There were signs, of course.


I had really long hair down to my butt and porkchop sideburns. I was a sensitive, thoughtful, funny, voracious teenage reader who loved to play the guitar and eat Twinkies dunked in pudding cups, but that wasn't enough for many girls to dig me. They wanted dudes with nice cars.

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I drove me and my long-haired friends around in a battleship called the USS Impala. They wanted guys with muscles and Ocean Pacific clothes. I was a meatball in a Jane's Addiction concert shirt.

But still. I was awesome.

I was an awesome kid. I was close to my mom and my brother (it was just the three of us, my dad having split when I was 9). I was the apple of my grandparents' eyes. I was a good student, better than a lot of jocks and nerds, and I never ever got in trouble in my entire 12 years of schooling.


No principal's offices or suspensions or getting yelled at for messing around in class. I was respectful and attentive and I turned in my Algebra homework on time, even though it sometimes had song lyrics scribbled on the back. (Songs, I might add, that I went on to record and perform with my brother all over the world after we formed a band and had a long career as musicians for almost two decades.)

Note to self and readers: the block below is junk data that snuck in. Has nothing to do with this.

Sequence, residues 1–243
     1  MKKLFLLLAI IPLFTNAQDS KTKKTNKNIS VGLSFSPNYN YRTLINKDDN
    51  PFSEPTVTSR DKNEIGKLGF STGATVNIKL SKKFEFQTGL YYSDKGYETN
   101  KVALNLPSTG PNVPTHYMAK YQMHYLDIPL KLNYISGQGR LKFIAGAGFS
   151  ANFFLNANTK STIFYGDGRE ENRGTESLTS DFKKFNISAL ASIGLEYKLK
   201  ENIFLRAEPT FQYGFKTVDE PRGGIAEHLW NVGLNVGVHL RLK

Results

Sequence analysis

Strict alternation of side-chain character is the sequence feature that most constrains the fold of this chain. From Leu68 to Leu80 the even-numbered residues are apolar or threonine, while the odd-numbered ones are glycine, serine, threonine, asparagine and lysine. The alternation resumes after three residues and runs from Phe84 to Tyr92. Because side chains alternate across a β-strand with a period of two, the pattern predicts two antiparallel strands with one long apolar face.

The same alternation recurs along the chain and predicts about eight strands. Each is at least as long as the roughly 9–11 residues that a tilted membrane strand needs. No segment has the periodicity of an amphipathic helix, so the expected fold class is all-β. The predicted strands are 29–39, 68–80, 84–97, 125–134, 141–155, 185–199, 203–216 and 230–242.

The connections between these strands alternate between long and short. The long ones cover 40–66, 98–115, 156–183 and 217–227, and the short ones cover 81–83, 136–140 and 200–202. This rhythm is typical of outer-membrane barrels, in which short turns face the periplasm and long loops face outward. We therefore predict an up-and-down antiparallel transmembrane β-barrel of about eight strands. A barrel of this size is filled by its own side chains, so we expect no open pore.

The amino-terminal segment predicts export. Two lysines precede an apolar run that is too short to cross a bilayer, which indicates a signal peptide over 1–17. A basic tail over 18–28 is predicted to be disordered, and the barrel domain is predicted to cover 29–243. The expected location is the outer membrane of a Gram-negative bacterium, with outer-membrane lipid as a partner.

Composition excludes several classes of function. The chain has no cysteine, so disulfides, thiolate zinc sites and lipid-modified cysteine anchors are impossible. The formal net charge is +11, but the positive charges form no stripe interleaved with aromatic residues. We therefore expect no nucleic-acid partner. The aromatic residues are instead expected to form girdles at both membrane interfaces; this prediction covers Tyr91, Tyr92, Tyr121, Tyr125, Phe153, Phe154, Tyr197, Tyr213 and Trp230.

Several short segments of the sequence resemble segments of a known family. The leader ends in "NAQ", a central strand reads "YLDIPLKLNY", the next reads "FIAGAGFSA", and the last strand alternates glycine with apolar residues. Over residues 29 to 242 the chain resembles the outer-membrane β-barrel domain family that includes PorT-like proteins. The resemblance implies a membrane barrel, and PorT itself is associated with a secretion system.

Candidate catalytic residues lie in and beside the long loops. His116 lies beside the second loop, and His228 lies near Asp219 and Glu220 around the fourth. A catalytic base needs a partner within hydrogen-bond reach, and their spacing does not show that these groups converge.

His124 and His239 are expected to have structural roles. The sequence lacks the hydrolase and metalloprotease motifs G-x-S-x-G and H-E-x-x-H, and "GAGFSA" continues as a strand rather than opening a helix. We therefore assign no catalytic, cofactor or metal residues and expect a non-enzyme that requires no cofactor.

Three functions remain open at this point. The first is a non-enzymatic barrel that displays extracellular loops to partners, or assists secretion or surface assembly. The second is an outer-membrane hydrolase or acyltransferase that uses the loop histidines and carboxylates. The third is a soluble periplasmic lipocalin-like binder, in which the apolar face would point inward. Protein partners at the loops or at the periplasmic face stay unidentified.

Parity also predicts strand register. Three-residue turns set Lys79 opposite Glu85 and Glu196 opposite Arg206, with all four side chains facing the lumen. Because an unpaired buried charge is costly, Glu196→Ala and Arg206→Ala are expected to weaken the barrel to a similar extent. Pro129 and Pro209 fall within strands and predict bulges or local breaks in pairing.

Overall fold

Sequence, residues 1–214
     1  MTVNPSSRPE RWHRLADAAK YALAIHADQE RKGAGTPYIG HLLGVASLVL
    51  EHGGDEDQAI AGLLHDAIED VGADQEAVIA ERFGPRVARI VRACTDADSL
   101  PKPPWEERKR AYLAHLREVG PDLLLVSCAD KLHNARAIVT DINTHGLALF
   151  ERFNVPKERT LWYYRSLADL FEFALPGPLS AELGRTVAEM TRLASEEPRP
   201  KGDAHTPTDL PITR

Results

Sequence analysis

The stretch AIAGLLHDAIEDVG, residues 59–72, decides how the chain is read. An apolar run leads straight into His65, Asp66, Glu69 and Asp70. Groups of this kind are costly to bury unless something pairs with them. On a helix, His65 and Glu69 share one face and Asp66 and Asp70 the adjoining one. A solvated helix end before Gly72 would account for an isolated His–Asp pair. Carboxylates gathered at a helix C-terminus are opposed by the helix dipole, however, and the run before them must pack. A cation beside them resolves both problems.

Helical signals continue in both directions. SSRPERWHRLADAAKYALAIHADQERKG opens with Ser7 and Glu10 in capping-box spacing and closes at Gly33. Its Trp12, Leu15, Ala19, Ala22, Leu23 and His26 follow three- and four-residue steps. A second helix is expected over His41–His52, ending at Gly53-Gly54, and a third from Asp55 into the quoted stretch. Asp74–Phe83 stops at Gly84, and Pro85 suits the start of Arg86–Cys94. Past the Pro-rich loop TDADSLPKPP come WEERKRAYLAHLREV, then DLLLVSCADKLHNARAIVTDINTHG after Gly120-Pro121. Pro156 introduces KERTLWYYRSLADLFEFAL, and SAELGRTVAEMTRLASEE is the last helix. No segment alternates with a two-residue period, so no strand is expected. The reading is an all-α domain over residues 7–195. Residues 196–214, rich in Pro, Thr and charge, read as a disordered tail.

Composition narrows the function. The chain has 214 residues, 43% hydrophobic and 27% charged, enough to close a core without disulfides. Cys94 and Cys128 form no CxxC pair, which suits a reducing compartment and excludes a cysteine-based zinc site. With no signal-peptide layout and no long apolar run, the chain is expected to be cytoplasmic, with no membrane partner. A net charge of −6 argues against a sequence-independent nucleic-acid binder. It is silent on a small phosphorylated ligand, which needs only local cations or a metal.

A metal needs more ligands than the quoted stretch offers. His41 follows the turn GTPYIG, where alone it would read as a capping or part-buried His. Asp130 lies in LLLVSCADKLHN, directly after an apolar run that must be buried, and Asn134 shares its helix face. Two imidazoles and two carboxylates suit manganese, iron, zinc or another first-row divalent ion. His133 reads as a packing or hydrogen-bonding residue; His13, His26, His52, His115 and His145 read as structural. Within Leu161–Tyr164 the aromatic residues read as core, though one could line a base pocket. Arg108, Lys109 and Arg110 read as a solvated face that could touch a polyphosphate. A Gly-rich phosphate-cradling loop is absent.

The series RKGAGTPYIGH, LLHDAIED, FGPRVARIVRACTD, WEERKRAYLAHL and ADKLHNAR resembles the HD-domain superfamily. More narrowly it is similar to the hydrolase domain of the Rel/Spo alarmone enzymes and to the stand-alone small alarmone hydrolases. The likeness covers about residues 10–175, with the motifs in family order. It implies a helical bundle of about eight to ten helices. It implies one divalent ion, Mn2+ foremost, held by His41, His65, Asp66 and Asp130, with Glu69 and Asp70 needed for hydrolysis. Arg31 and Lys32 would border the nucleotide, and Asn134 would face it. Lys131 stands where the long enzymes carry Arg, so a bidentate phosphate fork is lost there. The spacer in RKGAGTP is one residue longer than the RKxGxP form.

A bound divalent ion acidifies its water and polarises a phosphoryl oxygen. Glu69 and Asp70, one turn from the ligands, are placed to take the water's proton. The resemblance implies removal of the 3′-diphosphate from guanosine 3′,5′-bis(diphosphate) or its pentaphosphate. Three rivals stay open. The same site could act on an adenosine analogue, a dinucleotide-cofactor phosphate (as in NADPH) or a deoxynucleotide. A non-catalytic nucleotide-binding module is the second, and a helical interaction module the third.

Smoking weed doesn't scare me. I've done it. I know what it does and I know where it can lead you, both good and bad.

And I know that it isn't even half as bad as a case of Bud cans and a bottle of Jack Daniels in a car loaded with gallivanting teens on a Friday night in Anytown, America.

If my kids try smoking weed when they're in high school, it won't freak me out. I will have already talked to them a lot about this strange world and all the vipers and poisons that are floating around out there. I might not be happy if I find out they're experimenting with pot but that's just because I'm old now and old dads are never all that happy about too much.


But I'll be cool. Because I know. I know how bad stuff has gotten in this world. I know how scary it is to be young these days, even if there's no way I can ever really know. I know who I was as a kid and who I became as a man. I know the possibilities of a very, very cool life because I'm living one right now.

Imagine that. The stoner turned out alright.

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Serge Bielanko is a writer and musician who has been published on Babble, Huffington Post, Mom.me, Yahoo, and more.